The European Commission said on Wednesday it would start legal action against Poland over an overhaul of the judiciary that it says undermines the independence of judges and breaks EU rules.
The Commission also gave Poland a month to respond to EU concerns over the rule of law raised by the EU executive in an unprecedented process launched in 2016 and now aggravated by the planned Polish legal reforms.
Polish President Andrzej Duda on Tuesday signed into law a bill giving the justice minister the power to hire and fire senior judges who head ordinary courts.
But in a move welcomed by Brussels, Duda also blocked two other bills that would have given the government and parliament power to replace Supreme Court judges.
“An independent judiciary is an essential precondition for membership in our (European) Union,” Commission head Jean-Claude Juncker said in a statement. “The EU can therefore not accept a system which allows dismissing judges at will.”
“If the Polish government goes ahead with undermining the independence of the judiciary and the rule of law in Poland, we will have no other choice than to trigger Article 7,” he said, referring to a legal process of suspending Poland’s voting rights in the 28-nation EU.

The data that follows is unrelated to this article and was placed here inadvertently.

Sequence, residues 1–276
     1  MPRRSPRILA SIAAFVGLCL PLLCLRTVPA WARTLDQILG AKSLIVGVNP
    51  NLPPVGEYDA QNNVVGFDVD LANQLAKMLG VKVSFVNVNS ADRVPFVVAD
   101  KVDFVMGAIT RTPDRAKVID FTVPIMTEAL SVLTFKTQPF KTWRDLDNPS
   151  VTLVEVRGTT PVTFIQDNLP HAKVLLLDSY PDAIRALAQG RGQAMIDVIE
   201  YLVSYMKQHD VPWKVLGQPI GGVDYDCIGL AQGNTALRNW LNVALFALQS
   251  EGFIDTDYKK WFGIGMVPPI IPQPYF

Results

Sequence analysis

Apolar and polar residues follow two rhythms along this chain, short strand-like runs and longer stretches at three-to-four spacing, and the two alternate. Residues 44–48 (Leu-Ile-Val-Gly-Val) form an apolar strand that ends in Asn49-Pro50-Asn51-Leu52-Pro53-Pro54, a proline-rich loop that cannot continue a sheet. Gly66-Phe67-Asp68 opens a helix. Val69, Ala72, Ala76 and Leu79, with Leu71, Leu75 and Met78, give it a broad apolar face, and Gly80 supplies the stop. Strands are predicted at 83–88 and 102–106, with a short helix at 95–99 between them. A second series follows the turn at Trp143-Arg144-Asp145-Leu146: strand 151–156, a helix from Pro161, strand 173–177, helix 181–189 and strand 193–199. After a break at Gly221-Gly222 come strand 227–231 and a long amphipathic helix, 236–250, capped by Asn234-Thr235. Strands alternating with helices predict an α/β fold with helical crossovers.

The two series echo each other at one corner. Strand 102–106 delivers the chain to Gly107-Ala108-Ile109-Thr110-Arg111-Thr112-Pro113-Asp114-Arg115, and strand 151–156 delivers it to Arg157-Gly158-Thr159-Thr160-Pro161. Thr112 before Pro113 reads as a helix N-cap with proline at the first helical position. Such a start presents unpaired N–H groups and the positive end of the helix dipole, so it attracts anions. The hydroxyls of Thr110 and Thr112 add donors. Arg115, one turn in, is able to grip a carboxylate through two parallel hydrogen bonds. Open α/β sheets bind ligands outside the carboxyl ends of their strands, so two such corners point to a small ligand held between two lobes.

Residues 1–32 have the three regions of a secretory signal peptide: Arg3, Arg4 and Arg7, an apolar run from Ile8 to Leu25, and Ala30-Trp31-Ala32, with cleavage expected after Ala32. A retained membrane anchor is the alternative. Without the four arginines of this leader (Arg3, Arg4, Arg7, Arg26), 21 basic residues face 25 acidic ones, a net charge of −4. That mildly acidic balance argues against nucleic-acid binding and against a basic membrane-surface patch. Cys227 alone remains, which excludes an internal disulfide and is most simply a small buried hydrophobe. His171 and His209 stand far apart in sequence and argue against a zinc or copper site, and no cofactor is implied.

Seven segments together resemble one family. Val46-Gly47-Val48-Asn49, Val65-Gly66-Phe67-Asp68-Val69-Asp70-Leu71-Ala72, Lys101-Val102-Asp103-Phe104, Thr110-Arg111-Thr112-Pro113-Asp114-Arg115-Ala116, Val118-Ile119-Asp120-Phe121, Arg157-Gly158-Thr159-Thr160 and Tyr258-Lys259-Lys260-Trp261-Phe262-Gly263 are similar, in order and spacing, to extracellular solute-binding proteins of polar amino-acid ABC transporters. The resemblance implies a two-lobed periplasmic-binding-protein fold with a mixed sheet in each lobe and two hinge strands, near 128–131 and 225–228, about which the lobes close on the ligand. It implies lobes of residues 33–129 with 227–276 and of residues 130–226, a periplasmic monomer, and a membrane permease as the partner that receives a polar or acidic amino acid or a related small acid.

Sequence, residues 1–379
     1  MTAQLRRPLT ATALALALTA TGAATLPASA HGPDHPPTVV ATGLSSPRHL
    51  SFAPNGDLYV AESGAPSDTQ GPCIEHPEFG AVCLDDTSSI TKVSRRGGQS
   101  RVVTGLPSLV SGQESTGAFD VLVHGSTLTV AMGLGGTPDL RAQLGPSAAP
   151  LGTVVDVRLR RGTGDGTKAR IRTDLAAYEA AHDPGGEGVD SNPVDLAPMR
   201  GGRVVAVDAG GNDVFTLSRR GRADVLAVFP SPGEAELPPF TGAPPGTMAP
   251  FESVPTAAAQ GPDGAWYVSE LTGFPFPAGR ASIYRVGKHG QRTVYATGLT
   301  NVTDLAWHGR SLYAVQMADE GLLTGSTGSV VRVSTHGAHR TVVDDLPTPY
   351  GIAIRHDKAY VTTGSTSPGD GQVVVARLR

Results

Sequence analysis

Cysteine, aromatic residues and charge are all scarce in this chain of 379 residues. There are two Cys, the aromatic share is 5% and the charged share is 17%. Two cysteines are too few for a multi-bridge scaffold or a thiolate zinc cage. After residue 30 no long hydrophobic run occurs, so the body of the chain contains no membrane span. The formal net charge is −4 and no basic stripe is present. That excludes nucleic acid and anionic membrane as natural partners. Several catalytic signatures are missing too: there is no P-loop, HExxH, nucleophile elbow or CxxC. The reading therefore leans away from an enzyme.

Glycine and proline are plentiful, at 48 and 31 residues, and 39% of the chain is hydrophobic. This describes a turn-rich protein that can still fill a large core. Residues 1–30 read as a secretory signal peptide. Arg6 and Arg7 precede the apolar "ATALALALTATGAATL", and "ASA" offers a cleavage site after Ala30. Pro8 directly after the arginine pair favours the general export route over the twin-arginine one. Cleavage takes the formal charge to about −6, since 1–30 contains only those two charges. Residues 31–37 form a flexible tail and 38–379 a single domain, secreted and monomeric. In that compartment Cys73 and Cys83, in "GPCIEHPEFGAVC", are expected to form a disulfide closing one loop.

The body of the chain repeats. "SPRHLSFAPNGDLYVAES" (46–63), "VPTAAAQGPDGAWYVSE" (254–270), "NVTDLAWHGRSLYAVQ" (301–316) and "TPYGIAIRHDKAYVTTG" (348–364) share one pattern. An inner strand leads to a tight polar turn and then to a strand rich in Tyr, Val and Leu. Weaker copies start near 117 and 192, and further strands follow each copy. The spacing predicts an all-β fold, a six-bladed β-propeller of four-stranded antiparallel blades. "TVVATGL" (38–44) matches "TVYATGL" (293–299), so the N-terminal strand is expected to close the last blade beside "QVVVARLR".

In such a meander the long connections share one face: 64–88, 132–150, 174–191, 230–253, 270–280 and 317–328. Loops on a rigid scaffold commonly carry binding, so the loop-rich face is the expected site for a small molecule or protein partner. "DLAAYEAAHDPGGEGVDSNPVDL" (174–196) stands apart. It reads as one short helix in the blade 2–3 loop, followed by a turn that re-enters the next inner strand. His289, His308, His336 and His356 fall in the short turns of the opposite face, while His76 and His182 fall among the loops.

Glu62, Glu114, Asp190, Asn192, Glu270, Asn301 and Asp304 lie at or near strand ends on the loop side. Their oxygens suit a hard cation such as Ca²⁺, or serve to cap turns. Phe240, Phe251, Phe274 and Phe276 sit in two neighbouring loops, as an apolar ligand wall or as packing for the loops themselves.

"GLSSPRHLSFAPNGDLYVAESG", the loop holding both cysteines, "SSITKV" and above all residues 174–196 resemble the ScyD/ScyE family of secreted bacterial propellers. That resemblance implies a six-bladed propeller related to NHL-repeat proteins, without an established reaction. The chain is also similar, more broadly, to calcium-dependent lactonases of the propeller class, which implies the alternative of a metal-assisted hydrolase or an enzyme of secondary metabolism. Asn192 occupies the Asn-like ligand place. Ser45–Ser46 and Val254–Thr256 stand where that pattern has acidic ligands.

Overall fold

President Duda’s veto of the two bills came after a week of mass street protests in Poland against the measures. But Prime Minister Beata Szydlo said the government would not yield “to pressure from the street and abroad”, signaling it would not abandon the plans.
Poland’s right-wing, euroskeptic government says the reforms are needed to streamline a slow, outdated legal system and make judges more accountable to the people. It has already tightened control of state media and the constitutional court.
The Commission says the reforms infringe not only Poland’s constitution but also the European treaty.
On Wednesday the Commission said it would send a formal letter of notice to Warsaw, the first step in a legal process that may end at the EU’s top court, over the one law signed by Duda as soon as it is published in Poland’s official journal.
“It is time to restore the independence of the Constitutional Tribunal and to either withdraw the laws reforming the judiciary or bring them into line with the Polish constitution and with European standards on judicial independence,” Commission First Vice President Frans Timmermans told a news conference.
Timmermans also said the Commission could start the process of suspending Poland’s voting rights in the EU before the one-month deadline if any judges are fired.
Polish Deputy Foreign Minister Konrad Szymanski said on Wednesday the Commission’s doubts about Poland’s judicial reforms were unjustified.